"! [Perhaps 9f3 was rejected due to 10cxd5 ... when Black was in control, Vidmar-Alekhine, San Remo 1930. It wouldn't be the first time that a line was unfairly disregarded due to weak moves in a high-profile game.]"

The game between Likavsky and Petric was eventually drawn but Emms thought white had a winning game.

As to 9...Qh4,
"9...Qh4!? is more complex, and players looking to make this line work for Black should perhaps head here. Even so, I think it may be an uphill task:" Emms provides analysis.

The entire line is very complex. True chess analysis involves looking at the position oneself. I have to admit that my review of 7...Nc6 has been superficial, relying as it has on Emms and Stockfish. You might want to track down Emms' analysis and look it over yourself.

"I think 7...c5 is a better chance to equalize than 7...Nc6". Agreed. That is where I've put in some time.
  
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Re: Theoretical Standing / Sources on "sharp" Nimzo
Reply #14 - 09/30/21 at 14:22:24
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FreeRepublic wrote on 09/30/21 at 13:42:04:
"4. Qc2 d5 5. a3 Bxc3+ 6. Qxc3 Ne4 7. Qc2 Nc6 8. e3 e5"

I don't think this holds up after 9f3 Qh4ch 10g3 Nxg3 11Qf2.

There must be some misunderstanding.

1.d4 Nf6 2.c4 e6 3.Nc3 Bb4 4.Qc2 d5 5.a3 Bxc3+ 6.Qxc3 Ne4 7.Qc2 Nc6 8.e3 e5

This is an old and respectable line (also possible from a 4...Nc6 move order), albeit the main move for black is 7...c5. Bagirov in the 1991 ECO (E37) gives 9.cxd5 here; in a note he analyzes 9.f3 Nf6, for example Vidmar - Alekhine, San Remo 1930 (=+). https://www.chessgames.com/perl/chessgame?gid=1007893

I think 7...c5 is a better chance to equalize than 7...Nc6, but 7...Nc6 is certainly playable. 9...Qh4+ is just a mistake.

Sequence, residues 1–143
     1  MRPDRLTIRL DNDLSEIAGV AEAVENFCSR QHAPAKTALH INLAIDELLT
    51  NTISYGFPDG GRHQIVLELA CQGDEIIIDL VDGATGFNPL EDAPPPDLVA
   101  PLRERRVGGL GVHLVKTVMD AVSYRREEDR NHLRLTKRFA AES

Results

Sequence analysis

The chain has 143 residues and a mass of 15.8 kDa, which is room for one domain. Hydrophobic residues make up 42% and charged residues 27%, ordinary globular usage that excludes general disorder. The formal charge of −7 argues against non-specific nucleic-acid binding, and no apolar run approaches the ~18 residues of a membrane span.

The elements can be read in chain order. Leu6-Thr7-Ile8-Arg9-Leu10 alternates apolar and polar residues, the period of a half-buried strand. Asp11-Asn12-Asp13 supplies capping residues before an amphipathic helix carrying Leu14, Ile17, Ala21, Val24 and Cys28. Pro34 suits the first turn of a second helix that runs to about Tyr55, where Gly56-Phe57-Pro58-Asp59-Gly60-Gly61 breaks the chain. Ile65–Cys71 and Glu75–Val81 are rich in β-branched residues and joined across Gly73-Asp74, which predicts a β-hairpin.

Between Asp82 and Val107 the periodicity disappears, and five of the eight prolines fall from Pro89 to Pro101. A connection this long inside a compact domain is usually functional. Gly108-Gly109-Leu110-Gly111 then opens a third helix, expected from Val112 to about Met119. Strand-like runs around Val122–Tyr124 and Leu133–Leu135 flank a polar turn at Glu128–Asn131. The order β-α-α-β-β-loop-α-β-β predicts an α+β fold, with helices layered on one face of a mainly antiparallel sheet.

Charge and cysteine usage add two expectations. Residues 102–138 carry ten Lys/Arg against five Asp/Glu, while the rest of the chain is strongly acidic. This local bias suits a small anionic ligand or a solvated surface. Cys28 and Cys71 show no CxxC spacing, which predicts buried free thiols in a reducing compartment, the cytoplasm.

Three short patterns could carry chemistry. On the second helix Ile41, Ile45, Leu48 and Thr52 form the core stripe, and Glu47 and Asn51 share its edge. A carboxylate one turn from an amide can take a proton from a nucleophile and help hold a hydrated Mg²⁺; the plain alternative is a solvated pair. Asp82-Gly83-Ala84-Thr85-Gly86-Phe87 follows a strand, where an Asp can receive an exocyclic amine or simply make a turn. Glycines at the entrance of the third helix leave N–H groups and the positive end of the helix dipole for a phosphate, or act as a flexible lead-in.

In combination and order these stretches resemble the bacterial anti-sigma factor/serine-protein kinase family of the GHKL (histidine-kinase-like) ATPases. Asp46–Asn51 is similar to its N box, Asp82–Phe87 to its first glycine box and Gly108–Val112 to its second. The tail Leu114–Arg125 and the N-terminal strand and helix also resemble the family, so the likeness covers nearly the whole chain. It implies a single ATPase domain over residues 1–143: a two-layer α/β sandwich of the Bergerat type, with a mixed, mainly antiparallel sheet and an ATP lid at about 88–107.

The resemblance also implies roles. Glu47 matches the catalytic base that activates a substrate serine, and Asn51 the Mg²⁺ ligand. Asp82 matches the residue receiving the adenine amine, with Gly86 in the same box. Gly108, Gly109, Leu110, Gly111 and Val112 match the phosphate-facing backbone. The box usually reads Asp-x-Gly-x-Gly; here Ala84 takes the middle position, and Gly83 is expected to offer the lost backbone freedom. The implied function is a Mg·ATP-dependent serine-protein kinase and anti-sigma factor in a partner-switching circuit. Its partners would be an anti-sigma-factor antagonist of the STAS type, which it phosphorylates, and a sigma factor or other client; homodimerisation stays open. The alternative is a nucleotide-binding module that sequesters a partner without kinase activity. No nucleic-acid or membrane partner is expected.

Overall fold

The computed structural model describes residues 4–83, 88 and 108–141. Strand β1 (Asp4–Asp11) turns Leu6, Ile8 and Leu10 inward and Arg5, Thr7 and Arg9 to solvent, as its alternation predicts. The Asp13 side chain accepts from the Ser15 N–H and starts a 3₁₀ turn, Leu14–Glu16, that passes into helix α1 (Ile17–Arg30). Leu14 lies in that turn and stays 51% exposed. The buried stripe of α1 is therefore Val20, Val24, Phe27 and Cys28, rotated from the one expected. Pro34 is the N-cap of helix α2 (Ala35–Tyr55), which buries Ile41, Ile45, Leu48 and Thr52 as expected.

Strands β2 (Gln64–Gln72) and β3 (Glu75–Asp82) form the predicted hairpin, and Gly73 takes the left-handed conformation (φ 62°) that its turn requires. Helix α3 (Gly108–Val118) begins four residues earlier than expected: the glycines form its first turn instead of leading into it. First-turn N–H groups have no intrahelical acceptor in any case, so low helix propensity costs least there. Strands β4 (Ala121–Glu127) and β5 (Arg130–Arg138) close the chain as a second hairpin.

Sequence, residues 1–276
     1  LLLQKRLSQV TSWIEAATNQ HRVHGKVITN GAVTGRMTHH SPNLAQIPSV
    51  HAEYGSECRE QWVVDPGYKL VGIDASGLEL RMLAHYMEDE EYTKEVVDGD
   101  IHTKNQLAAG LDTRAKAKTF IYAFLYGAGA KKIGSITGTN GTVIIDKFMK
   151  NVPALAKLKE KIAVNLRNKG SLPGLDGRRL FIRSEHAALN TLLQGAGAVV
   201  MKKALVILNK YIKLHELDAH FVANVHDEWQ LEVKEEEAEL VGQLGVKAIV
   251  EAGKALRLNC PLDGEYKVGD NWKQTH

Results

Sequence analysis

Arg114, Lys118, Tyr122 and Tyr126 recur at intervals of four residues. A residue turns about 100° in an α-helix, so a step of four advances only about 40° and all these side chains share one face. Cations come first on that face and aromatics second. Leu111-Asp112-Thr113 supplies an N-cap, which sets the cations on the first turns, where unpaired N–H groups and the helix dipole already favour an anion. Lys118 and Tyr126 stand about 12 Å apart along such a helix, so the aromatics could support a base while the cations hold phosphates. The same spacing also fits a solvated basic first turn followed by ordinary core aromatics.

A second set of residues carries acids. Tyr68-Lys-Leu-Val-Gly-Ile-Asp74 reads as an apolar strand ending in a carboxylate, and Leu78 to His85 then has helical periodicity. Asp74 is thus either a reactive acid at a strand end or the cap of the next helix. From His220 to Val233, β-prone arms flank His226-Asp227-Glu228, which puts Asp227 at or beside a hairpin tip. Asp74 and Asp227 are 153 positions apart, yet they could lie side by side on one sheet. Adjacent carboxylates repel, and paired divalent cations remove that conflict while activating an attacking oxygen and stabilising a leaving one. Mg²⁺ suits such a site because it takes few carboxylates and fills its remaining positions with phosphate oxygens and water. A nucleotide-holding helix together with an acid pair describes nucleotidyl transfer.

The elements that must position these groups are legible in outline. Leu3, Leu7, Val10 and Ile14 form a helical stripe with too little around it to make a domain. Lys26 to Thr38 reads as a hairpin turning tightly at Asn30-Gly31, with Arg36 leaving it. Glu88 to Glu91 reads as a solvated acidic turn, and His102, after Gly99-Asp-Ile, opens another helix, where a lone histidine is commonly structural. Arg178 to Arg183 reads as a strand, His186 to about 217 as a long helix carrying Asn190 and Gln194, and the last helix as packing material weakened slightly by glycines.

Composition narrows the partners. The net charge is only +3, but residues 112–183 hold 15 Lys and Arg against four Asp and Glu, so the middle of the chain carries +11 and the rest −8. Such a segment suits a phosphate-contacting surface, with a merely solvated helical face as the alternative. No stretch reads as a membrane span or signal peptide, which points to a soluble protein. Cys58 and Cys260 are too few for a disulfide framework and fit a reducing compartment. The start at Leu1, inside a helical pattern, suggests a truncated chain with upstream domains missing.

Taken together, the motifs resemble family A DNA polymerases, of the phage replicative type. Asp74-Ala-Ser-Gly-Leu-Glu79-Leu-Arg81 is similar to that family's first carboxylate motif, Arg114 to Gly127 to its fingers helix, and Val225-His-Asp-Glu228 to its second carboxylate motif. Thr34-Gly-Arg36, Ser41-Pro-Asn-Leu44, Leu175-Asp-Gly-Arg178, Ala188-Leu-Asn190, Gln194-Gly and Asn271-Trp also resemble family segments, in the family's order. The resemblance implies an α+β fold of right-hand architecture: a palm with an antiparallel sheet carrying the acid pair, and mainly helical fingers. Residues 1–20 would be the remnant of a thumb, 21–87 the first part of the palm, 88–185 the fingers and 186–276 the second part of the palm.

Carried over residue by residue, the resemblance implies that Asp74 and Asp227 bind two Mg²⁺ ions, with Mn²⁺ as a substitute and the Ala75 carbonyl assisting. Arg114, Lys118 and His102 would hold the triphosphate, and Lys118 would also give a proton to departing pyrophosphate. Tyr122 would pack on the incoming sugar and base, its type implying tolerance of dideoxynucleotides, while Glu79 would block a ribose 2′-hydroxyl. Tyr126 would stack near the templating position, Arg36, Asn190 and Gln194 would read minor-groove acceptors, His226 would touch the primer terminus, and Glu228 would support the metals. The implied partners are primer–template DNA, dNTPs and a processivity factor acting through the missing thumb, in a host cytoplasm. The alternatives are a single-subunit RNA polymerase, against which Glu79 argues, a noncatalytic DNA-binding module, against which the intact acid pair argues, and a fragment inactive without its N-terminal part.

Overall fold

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Re: Theoretical Standing / Sources on "sharp" Nimzo
Reply #13 - 09/30/21 at 13:42:04
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Also in IsaVulpes' 2016 sharp Nimzo repertoire:

"4. Qc2 d5 5. a3 Bxc3+ 6. Qxc3 Ne4 7. Qc2 Nc6 8. e3 e5"

I don't think this holds up after 9f3 Qh4ch 10g3 Nxg3 11Qf2.

Black has many ways to vary:
a) I am currently looking at 7...c5 8dxc5 Nc6. Black has to consider 9. cxd5, 9. Nf3, and 9. e3. I think black is hanging in there.
b) 6...c5 7dxc5 d4 and now either 8. Qg3 or 8. Qc2. This is quite amazing, but I don't know if it is sound.
c) If you want to take the edge off and play soundly, there is 6...0-0. It transposes to a position that can be reached after 4. Qc2 0-0 5. a3 Bxc3ch 6. Qxc3 d5
d) There is also 6...dxc 7. Qxc4 b6

One line that has come on strong is 4...0-0 5. e4, at which point 5...d5 is most often recommended. It seems to be just fine for black. However it is very complicated and you will either want to do your homework, or roll the die, on this one. As far as I know it was first recommended in the Dangerous Weapons series. It has since been recommended in numerous repertoire books. If instead white plays 5.a3, play can transpose to line c above, a notable bridge between 4...d5 and 4...0-0 variations.
  
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Re: Theoretical Standing / Sources on "sharp" Nimzo
Reply #12 - 09/29/21 at 15:06:36
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Next in IsaVulpes' 2016 sharp Nimzo repertoire:

"4. e3 O-O 5. Bd3 d5 6. Nf3 c5 7. O-O Nc6 8. a3 Bxc3 9. bxc3 Qc7"

Gligoric, in his old book on the NID, called this the Khasin variation, after a Soviet master who played it. Ivan Sokolov, The Strategic Nimzo-Indian, calls it the Flexible variation. Black doesn't trade pawns, trying to restrict the scope of white's bishops. This was my choice in 2016 also.

Since that time 8cxd exd 9dxc has come on the scene. Black should either study that line, or try something different. Black could play 6...dxc 7Bxc4 c5 80-0, where he has several reasonable systems from which to choose.